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So last wednesday evening I sowed some cosmos seedlings in a windowsill propagator... Checking them this evening some of them are already at least 2.5" tall and touching the 'roof' of the propagator.
What should I do with them? There are still some cosmos seeds to germinate in there, so should I pot on the germinated ones already? Or should I lift them & plant them deeper so they don't flop? I'm growing them in modular cells.
Take the lid off the propagator and when they get to 3 or 4 inches tall then pot them on. Be sure to keep the compost damp though when you take the lid off. I usually find some of the seeds are slower to germinate. But when you take the bigger ones out to pot them on you may find you can put the lid back on the propagator to help the smaller seedlings catch up.
Hi Bex - this has happened to me before with Cosmos - they go a bit wild! So I now wait til March to sow, don't give them any heat (just a light windowsill) and prick them out, with quite a lot of the stem below the compost.
if you want to attempt to rescue the ones you have now, i would try planting them up individually, but you will need to plant them deeply to stop them keeling over. And keep them off the heat
Thank you! I was really shocked at the size of them, they aren't even in a heated propagator, just a bog standard windowsill one from Wilkos, AND they aren't even on a windowsill, just my dining table in a mostly unheated conservatory!
looks like some potting on is on the cards for this weekend then...
I think that you have sown too early and with not enough light. If I were you I would start again in a few weeks time and start them off on a windowsill. They need lots of light.
Yes. A wee bit too soon to sow. Nevertheless, all is not lost. Remove the lid or not, is up to you. From germination to more than half an inch high, causes me to worry.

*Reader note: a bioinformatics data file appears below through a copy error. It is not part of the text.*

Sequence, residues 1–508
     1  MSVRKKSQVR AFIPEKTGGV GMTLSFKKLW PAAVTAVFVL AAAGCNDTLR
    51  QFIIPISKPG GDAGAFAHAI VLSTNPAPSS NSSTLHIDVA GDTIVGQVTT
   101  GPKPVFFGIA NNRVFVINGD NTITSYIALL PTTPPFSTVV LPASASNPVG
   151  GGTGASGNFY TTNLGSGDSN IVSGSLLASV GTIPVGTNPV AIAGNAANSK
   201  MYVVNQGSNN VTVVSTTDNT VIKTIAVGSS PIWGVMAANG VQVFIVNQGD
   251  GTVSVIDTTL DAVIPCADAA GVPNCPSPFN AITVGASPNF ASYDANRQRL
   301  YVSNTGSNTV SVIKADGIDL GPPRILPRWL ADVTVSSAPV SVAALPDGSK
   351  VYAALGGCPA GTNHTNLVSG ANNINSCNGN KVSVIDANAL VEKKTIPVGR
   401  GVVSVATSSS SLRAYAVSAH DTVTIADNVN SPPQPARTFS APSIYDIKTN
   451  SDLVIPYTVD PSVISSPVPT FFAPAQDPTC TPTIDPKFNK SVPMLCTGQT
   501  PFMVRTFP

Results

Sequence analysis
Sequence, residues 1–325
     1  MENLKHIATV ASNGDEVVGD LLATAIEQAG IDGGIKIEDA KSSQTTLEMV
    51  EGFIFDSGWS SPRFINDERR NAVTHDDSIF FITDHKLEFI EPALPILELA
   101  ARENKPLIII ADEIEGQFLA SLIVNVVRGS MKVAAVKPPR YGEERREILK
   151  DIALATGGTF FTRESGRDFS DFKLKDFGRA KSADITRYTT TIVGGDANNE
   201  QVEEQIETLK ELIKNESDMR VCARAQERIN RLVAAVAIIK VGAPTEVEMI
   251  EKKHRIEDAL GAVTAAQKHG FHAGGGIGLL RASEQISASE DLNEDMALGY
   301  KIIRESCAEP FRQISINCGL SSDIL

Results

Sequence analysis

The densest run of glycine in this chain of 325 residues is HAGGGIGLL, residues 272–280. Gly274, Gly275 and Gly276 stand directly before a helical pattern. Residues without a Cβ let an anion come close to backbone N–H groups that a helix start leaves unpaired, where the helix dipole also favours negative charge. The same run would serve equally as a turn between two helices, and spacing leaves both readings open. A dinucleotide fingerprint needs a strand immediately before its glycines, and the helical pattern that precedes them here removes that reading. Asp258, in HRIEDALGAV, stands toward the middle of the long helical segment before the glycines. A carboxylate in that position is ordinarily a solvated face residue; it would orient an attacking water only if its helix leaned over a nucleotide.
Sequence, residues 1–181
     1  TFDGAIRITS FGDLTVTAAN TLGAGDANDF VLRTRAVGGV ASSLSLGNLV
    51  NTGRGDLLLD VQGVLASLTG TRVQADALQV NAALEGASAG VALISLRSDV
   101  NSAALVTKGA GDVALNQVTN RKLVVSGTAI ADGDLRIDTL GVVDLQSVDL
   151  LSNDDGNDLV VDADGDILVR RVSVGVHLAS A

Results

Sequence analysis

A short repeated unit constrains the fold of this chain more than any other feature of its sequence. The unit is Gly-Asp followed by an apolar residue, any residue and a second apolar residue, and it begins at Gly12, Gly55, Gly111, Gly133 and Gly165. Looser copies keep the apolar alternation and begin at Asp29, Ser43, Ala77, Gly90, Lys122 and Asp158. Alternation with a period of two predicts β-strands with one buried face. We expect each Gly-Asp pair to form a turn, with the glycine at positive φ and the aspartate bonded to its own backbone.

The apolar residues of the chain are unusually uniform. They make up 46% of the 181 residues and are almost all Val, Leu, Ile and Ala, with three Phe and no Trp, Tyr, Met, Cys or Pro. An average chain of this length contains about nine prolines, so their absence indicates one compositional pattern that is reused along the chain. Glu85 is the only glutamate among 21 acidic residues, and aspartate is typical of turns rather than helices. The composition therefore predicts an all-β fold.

Cosmos are among the fasted to germinate. Try and apply the basic principle with seedlings. 'As soon as they are large enough to handle' To me, that means. As soon as I can gently get hold of them, or better still. Soon after they develop their second pair of leaves, prick them out.
Now then. One might assume that simply moving a seedling fro A-B would have little or no effect. Sorry, I can't answer that one, but actually. The pricking out and transplanting does have a great effect. A simple test you can do. OK. Take a pot or tray of seedlings. Now then. Prick out a few. Keep them alomgside the basic seedlings. You will see that the seedlings continue to shoot up, and sadly as so many have learned. The seedlings soon become so leggy that, even when pricked out, many will wilt and die, others will not really come to anything. Now look at the pricked out seedling. For a while, it will appear to have come to a standstill. Then it picks up. If you are scientifically minded. Take a closer look at it's structure. The stem has thickened. The leaves are so much more thicker and stronger. I rest my case.
let them " chill"
Wow, lots of advice! I'll pot on the bigger ones to see if I can save any of them, but I'll also start off a new tray - so really slow, steady, and with lots of light is what I'm after? Maybe a bit of cold?
Pot them on deeper in separate pots, pick out the tops, pick any flower buds off or they won't do anything at all, then grow another lot at the end of March, without a propagator, Last year I set seeds at the end of May, they lasted well through Autumn.
You can't plant them out till end of May at least, last year it was first week in June, imagine how big they will be by then.
End of March for Cosmos, would that advice be good for up here in Scotland?
As they cannot go out until after the last frost, you could easily wait til April to sow, especially in Scotland.
Great question Bex2012, I was wondering what to do with my cosmos. Thanks.
Lots of info to take in.